Growing a community through food, Happiness

July 11, 2016

By Jennifer Antonik, News Editor, The Milford Chronicle and The Harrington Journal

This article originally appeared in the July 6 editions of The Milford Chronicle and The Harrington Journal.

I went grocery shopping this week. Alone. It was blissful.

There were no children hanging off of my every limb, nor anyone shouting: Mom, Mom, Mom, Mom…. Mom! I want, I want, I want… At some point, I usually have to remind our children that there’s a better way to ask for things. Such as, “Mother, would you please allow us to have this sugar-fest inside a box?” Naturally, if they ask it that way, I’d probably say no anyways. Our poor children.

But I didn’t have to do that Friday. Because I was a mom on a solitary mission: food.

At first, I walked through the store in somewhat of a daze. What do I need? Do we have milk? How about fruit? Veggies? No. The kids don’t eat their veggies. Get it anyway, mom. You know you have to at least offer it to them.

Do I get the giant $7 jar of peanut butter because it’s cheaper in the long-run? Or the 5-pack of macaroni and cheese because it’s about $1 cheaper than buying them individually? Every dollar counts.

Then it dawned on me: I was wandering through the grocery store thinking about all the things I could buy to feed the family. Not all the things I couldn’t buy because my budget was too tight.

We’ve been on the other side of the coin, too. I’ll never forget crying because I didn’t know how we’d feed the kids and we’d already asked for help from family, friends and our church that week. I thought: surely my husband and I can get by on scraps, but the kids? They didn’t do anything to deserve scraps.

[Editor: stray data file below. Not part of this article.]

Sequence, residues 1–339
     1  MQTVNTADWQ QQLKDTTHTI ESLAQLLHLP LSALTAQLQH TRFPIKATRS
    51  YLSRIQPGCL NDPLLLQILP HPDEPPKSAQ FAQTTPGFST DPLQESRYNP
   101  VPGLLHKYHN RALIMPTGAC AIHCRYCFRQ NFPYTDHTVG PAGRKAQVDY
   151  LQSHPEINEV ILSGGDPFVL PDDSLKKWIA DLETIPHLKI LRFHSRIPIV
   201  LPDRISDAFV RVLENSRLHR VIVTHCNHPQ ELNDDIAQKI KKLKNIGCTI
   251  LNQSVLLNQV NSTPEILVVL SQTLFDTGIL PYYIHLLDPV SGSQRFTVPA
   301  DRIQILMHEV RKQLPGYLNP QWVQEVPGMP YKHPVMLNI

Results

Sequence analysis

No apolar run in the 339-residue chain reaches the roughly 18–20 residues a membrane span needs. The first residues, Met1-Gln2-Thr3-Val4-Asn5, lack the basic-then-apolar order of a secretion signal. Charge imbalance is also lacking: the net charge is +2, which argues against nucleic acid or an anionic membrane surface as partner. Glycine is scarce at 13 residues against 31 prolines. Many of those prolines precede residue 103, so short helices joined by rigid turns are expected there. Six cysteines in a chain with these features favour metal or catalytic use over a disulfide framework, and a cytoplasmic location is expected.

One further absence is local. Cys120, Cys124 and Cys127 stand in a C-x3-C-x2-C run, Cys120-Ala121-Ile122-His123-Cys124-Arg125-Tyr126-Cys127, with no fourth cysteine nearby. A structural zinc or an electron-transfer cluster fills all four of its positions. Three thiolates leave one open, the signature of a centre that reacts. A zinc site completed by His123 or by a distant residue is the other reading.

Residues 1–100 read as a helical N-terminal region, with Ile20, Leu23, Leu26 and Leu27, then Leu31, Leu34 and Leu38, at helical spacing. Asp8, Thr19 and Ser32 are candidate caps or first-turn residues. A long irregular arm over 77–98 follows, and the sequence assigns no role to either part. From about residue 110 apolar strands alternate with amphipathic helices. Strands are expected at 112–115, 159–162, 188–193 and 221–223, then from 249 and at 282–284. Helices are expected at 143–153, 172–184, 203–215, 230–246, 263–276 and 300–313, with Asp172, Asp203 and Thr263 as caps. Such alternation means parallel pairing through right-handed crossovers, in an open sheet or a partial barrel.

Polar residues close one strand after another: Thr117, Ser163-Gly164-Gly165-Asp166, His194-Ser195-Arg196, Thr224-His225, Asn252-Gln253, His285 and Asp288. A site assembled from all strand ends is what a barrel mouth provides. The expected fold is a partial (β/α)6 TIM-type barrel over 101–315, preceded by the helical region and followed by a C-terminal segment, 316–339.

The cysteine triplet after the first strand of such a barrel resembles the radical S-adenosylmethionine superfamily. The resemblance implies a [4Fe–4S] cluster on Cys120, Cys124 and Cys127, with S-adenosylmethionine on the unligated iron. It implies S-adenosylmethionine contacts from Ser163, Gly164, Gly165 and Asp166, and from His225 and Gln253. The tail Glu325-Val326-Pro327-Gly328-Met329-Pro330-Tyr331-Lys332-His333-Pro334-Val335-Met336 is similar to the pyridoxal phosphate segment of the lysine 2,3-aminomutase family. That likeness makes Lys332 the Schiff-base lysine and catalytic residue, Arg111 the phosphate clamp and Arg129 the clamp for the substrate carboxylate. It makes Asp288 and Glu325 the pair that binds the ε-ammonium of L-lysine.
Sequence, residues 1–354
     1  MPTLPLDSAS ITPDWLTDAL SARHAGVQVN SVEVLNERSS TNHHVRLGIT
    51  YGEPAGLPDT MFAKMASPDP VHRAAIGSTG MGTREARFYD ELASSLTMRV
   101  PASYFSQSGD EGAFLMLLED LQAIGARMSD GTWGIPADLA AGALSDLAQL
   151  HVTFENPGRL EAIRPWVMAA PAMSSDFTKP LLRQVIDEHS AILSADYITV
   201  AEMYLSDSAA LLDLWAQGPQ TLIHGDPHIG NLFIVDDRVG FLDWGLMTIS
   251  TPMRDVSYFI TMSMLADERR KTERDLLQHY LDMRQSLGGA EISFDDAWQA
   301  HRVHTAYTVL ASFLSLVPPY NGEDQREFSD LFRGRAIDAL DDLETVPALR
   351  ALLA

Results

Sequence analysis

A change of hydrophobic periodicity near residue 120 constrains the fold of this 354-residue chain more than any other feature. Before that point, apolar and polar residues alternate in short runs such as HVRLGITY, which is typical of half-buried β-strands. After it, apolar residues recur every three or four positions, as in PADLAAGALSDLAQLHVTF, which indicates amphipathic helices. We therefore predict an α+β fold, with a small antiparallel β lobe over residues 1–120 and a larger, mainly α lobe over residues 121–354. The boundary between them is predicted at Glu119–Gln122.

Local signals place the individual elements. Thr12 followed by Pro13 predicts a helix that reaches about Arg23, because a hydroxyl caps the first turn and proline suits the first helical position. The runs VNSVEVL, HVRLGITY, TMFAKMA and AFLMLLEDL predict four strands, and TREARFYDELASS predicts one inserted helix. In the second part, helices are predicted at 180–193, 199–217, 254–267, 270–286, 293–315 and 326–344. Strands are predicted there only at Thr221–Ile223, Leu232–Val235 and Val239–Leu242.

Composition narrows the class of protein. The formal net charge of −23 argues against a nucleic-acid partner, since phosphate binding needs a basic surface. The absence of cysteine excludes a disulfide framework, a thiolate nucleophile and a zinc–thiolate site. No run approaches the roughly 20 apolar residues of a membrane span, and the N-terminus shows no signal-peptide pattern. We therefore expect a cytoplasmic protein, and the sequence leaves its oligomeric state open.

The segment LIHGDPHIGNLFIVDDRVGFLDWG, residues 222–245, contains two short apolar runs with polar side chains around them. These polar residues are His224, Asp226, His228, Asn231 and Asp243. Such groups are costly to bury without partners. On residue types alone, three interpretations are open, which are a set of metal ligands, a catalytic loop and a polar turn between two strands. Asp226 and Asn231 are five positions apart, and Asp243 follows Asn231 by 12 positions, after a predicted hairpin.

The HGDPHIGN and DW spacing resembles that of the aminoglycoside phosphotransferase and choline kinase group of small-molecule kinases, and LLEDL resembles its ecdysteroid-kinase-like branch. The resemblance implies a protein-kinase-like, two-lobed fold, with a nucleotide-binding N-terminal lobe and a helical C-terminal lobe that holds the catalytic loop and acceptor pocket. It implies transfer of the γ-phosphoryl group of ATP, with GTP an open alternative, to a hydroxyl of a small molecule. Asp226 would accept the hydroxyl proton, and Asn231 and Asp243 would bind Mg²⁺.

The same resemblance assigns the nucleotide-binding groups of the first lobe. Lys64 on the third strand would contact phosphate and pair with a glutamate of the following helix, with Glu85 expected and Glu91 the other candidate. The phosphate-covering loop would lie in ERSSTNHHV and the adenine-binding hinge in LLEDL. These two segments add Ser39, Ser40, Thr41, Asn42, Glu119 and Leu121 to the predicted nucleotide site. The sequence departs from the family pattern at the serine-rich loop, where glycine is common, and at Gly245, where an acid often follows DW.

We were given so many hand-ups rather than hand- outs over the years. Nowadays, every week we’re lucky to be able to ask ourselves: how can we help with someone else’s need.

There’s a way I’d like to help out and I’d encourage our readers to do the same: volunteer at the Food Bank of Delaware’s Milford branch (or another local organization that helps feed our community).

The food bank accepts volunteers nearly every day and puts them to good use. Sometimes it’s sorting food and necessities, other times volunteers could be preparing packs of food for distribution.

During the school year, backpacks with food are sent home with children in need every weekend. During the summer, the food bank helps provide children with lunches.

From experience, I can tell you that school meals are expensive. In the Lake Forest School District, all of the students receive free breakfasts and lunches should their families choose to not send meals. Once school let out in June, I had to be prepared to give our son ten more meals than usual. I wasn’t prepared.

My mom brought us bag after bag of food after she realized I hadn’t prepared well enough for the extra summertime meals. Yay for moms!

Next year? We’ll have two school-aged kids.

We used to be in a place where feeding 10-20 extra meals a week would have broken us. We had to choose between paying the electric bill or buying enough food for peanut butter and jelly sandwiches.

The Food Bank of Delaware, through the food bank at our church, fed our family more than a handful of times and even supplied a couple of holiday meals to get us through. When you’re down, it’s amazing what some toilet paper, paper towels and canned veggies can do to sooth the soul.

What I came to learn most during our down times was that it doesn’t always take money to give someone a hand-up. Time is very important, too. Time is one thing that the food bank needs from our community.

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